"I used to think home rule—essentially the "plan" that was leaked—was good enough. But every week we learn about new risks: seismic activity, high radon levels, and ground level ozone, for example. Not only do these dangers not respect county lines, much of the damage this industry causes is irreversible. It's not even possible to put a wall around the communities that think they have no other economic prospects. We are all in this together." - Martha Robertson, Chair of Tompkins County Legislature and Representative of Elected Officials to Protect NY
"From Long Island to the Southern Tier to Niagara Falls, New Yorkers have soundly rejected the plan to turn certain counties into sacrifice zones for fracking. No part of the state should be subject to a process which the best science decisively shows cannot be done without jeopardizing New Yorkers' health, environment, and quality of life." - Alex Beauchamp, Northeast Region Director, Food & Water Watch
"It is not acceptable to allow the gas industry to prey on the poorest New Yorkers. This is an issue of environmental injustice to turn the Southern Tier into one giant Love Canal." - Julia Walsh, Founder and Campaign Director of Frack Action
"Governor Cuomo's proposal will create two New Yorks: one where hundreds-of-thousands of us will have to live with the dangers of hydrofracking, and the other New York, that is protected. As a Broome County resident, I firmly denounce the Governor's plan." - Brendan Woodruff, NYPIRG Hydrofracking Campaign Organizer.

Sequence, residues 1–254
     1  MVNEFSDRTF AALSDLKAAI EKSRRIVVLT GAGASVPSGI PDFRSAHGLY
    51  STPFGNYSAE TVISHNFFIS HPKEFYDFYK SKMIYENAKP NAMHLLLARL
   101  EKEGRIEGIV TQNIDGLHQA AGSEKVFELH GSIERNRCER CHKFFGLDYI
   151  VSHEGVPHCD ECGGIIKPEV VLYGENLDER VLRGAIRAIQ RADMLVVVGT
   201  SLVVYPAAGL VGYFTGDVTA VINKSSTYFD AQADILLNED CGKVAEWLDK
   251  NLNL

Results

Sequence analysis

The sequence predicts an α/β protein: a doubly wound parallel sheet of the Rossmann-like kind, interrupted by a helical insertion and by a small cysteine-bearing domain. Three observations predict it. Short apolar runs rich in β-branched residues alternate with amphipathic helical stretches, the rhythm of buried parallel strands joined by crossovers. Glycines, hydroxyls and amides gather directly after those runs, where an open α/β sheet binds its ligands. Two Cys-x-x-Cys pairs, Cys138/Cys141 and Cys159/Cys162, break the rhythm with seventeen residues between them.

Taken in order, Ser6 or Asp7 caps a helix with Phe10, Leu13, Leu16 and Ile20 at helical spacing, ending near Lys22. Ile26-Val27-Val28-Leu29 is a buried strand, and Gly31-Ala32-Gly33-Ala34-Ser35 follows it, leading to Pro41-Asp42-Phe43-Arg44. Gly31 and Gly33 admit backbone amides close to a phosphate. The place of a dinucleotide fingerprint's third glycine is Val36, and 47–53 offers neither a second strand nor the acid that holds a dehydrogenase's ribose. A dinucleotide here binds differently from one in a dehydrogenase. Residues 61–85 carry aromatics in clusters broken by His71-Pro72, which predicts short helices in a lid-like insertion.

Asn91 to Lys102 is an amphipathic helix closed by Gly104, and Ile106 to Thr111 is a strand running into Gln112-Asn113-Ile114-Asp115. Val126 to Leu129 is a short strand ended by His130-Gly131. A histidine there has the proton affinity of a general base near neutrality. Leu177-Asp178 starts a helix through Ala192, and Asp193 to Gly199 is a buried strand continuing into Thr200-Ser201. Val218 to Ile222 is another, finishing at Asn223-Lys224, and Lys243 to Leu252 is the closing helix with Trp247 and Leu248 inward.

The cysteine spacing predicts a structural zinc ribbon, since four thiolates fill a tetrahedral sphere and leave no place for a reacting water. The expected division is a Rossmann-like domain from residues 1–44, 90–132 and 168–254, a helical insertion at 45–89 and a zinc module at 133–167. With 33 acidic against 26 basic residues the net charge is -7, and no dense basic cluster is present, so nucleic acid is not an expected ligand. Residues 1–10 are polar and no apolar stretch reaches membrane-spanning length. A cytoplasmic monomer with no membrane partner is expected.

<div id="7aab6" class="rm-shortcode" data-rm-shortcode-id="4bff71c40172c15736f73fe73ed18078"><blockquote class="twitter-tweet twitter-custom-tweet" data-twitter-tweet-id="1330967606585593857" data-partner="rebelmouse"><div style="margin:1em 0">Today, I’m announcing the first members of my national security and foreign policy team. They will rally the world… https://t.co/bAisIQk5P6</div> — Joe Biden (@Joe Biden)<a href="https://twitter.com/JoeBiden/statuses/1330967606585593857">1606162380.0</a></blockquote></div>
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By Melissa Gaskill
Two decades ago scientists and volunteers along the Virginia coast started tossing seagrass seeds into barren seaside lagoons. Disease and an intense hurricane had wiped out the plants in the 1930s, and no nearby meadows could serve as a naturally dispersing source of seeds to bring them back.